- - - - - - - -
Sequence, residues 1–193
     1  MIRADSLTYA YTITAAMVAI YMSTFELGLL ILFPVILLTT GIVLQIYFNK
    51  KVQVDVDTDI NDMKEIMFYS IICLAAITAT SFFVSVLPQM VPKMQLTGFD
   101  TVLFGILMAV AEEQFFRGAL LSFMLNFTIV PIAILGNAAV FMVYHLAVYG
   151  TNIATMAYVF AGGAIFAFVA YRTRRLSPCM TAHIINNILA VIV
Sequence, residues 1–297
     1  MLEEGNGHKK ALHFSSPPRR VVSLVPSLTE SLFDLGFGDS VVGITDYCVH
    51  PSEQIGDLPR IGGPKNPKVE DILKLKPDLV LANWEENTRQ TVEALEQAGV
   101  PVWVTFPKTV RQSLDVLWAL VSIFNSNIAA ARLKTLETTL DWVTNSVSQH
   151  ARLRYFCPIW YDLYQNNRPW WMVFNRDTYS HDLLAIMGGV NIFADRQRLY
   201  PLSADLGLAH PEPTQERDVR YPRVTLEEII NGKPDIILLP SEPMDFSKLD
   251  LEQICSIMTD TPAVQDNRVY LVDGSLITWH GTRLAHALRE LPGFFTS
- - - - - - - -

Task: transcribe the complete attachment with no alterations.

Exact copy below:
Sequence, residues 1–193
     1  MIRADSLTYA YTITAAMVAI YMSTFELGLL ILFPVILLTT GIVLQIYFNK
    51  KVQVDVDTDI NDMKEIMFYS IICLAAITAT SFFVSVLPQM VPKMQLTGFD
   101  TVLFGILMAV AEEQFFRGAL LSFMLNFTIV PIAILGNAAV FMVYHLAVYG
   151  TNIATMAYVF AGGAIFAFVA YRTRRLSPCM TAHIINNILA VIV
Sequence, residues 1–297
     1  MLEEGNGHKK ALHFSSPPRR VVSLVPSLTE SLFDLGFGDS VVGITDYCVH
    51  PSEQIGDLPR IGGPKNPKVE DILKLKPDLV LANWEENTRQ TVEALEQAGV
   101  PVWVTFPKTV RQSLDVLWAL VSIFNSNIAA ARLKTLETTL DWVTNSVSQH
   151  ARLRYFCPIW YDLYQNNRPW WMVFNRDTYS HDLLAIMGGV NIFADRQRLY
   201  PLSADLGLAH PEPTQERDVR YPRVTLEEII NGKPDIILLP SEPMDFSKLD
   251  LEQICSIMTD TPAVQDNRVY LVDGSLITWH GTRLAHALRE LPGFFTS